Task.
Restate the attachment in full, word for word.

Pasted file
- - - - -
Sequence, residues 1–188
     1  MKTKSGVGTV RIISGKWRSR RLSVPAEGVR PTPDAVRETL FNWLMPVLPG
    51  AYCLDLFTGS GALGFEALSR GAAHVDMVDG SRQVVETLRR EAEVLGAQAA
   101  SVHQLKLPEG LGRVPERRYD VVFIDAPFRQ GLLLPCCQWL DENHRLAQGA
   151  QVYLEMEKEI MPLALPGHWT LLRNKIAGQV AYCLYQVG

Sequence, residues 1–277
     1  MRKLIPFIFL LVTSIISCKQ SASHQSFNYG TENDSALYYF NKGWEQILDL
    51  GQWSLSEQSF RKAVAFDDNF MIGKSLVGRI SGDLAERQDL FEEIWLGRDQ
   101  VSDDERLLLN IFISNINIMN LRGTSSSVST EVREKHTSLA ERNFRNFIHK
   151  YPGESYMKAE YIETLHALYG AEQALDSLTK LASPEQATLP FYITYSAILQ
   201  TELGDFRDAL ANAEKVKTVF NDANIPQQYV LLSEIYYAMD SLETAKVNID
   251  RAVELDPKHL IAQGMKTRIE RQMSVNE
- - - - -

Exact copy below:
Sequence, residues 1–188
     1  MKTKSGVGTV RIISGKWRSR RLSVPAEGVR PTPDAVRETL FNWLMPVLPG
    51  AYCLDLFTGS GALGFEALSR GAAHVDMVDG SRQVVETLRR EAEVLGAQAA
   101  SVHQLKLPEG LGRVPERRYD VVFIDAPFRQ GLLLPCCQWL DENHRLAQGA
   151  QVYLEMEKEI MPLALPGHWT LLRNKIAGQV AYCLYQVG

Sequence, residues 1–277
     1  MRKLIPFIFL LVTSIISCKQ SASHQSFNYG TENDSALYYF NKGWEQILDL
    51  GQWSLSEQSF RKAVAFDDNF MIGKSLVGRI SGDLAERQDL FEEIWLGRDQ
   101  VSDDERLLLN IFISNINIMN LRGTSSSVST EVREKHTSLA ERNFRNFIHK
   151  YPGESYMKAE YIETLHALYG AEQALDSLTK LASPEQATLP FYITYSAILQ
   201  TELGDFRDAL ANAEKVKTVF NDANIPQQYV LLSEIYYAMD SLETAKVNID
   251  RAVELDPKHL IAQGMKTRIE RQMSVNE